Pastor Who Traded On Inside Information* Obtained By Ukrainian Hackers** Just Wanted To Travel Abroad For Totally Legit Religious Purposes

And not to, like, flee charges or anything.
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Amazingly, one judge said "Sure, go ahead, can I drive you to the airport? Honestly, it's no trouble, it's on my way to work. I just shoot down I-80 and I can be there in 10 minutes. You sure? You positive? Okay well if you need a ride on the way back, definitely give me a call, I'd be more than happy to pick you up. You've got my cell right? No I will not accept gas money, come on now, your money's no good here. Put it back because I'm not going to take it. All I ask is that you have your wife make me some of her famous vareniki with cherries. Deal? Deal."

...until another judge said, "Hi, I'm earth, have we met?"

A rare legal smackdown between federal judges resulted late Tuesday night with the freezing of the bail order freeing the pastor, Vitaly Korchevsky, head of the Slavic Evangelical Baptist Church in Brookhaven, Pa. A Brooklyn federal court judge overturned a Philaelphia magistrate judge’s order that would have freed the pastor on a $100,000 bond. Magistrate Judge Linda Carapacca agreed to the bond bail after the pastor’s wife told her Korchevsky’s travel abroad was part of his religious duties. But before the bond could be posted, Brooklyn federal Judge Brian Cogan stayed her order. Korchevsky will remain in custody until at least next week, after a bail hearing in Brooklyn. Korchevsky, a key suspect in a $100 million international insider-trading ring with strong ties to alleged hackers in Kiev, is a flight risk, prosecutors said...While not preaching, Korchevsky formed an “unholy alliance” with hackers who stole 150,000 corporate earnings reports before they were made public, it is alleged.

Pastor saved souls by day, stole millions at night: feds [NYP]

Related: Prosecutors Found A YouTube Video Of Hackers Selling Inside Information

*Alleged!
**Alleged, etc, etc, etc

Related

Members Of Insider Trading "Club" Were Good At Obtaining Material Non-Public Information, Not So Good At Playing It Cool On Conversations Recorded By The Feds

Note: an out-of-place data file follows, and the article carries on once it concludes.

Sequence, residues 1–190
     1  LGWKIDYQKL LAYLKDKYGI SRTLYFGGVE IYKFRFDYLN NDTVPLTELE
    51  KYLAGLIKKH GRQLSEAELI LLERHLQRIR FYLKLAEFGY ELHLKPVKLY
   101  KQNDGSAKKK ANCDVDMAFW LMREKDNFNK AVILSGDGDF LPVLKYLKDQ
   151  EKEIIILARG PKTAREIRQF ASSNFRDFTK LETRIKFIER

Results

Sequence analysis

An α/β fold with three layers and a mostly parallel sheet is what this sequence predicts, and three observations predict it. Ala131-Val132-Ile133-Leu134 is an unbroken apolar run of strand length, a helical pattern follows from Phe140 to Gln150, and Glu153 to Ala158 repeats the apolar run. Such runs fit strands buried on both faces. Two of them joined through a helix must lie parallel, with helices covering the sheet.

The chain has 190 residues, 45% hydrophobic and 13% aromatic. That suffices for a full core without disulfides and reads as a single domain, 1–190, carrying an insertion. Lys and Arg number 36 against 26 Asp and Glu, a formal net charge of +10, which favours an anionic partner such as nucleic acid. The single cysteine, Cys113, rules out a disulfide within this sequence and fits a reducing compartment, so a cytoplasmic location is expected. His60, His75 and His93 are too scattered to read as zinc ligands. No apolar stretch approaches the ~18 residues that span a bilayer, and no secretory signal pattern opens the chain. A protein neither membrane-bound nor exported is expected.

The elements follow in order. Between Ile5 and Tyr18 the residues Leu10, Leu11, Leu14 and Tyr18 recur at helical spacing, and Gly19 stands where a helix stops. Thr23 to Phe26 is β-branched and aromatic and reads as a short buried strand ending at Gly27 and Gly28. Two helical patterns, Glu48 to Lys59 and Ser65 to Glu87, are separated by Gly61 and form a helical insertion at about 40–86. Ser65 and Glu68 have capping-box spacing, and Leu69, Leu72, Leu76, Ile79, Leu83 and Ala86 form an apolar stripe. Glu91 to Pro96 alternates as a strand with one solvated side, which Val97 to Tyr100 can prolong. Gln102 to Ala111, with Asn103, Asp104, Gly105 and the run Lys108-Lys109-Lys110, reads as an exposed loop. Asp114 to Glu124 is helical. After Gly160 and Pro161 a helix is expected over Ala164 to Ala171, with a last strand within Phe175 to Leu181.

Later this week, Anthony Chiasson, a Level Global co-founder, and Todd Newman, a former Diamondback portfolio manager, will go to trial in Federal Court for allegedly making $67 million in ill-gotten gains, based on inside information they obtained about Nvidia Corp and Dell Inc. According to U.S. Attorney Preet Bharara, Chiasson and Newman, who've both pleaded not guilty, were able to rack up all their profits by teaming up with a bunch of friends and forming an insider trading club, which is a lot like a book club or fight club in that they took roll, traded canapé duties, and drank Pinot Grigio, but different in that instead of discussing The Art Of Fielding or punching each other in the face, they spent every Monday night from 7 to 9 sharing material non-public information with each other. “This case describes a tight-knit circle of greed on the part of professionals willing to traffic in confidential information,” Bharara said when the charges were announced in January. “It was a circle of friends who essentially formed a criminal club, whose purpose was profit and whose members regularly bartered inside information.” In the beginning, when the club was first formed, there was a spirit of camaraderie, as the club members happily traded tips for everyone's mutual benefit. Unfortunately, things started to break down when some people agreed to cooperate with the government by recording their friends admitting wrongdoing, in exchange for leniency. Former Diamondback analyst Jesse Tortora, for instance, gave fellow club member Danny Kuo a call at the direction of the FBI on December 1, 2010, a conversation that Chiasson and Newman's lawyers are trying to use as evidence that Tortora, who will be testifying against them, lacks credibility, based on the fact that when asked by Kuo if his phone was being tapped, Tortora didn't say "Yup! Helping the Feds build a case against you, actually." “What’s happening, man?” Tortora asked during the call, according to a transcript prosecutors submitted to the court. “Dude, is your phone tapped?” Kuo replied. “Wait, is the phone tapped?” Tortora asked, adding, “Why do you ask that?” Despite losing major points for repeating the question-- you never repeat the question!-- and the extremely unconvincing "Oh, why do you ask" attempt to act natural and not like he was working for the government, Tortora ultimately recovered. After Kuo and Tortora discussed defense strategy to explain their trades were made after legitimate research, Kuo concluded the call with a final warning to Tortora about making future calls from a personal telephone, according to the transcript. “I would seriously invest in some quarters, and start calling from 7-Elevens,” Kuo said. Hedge Fund Founder Faces Jury as FBI Raids Yield Trial [Bloomberg]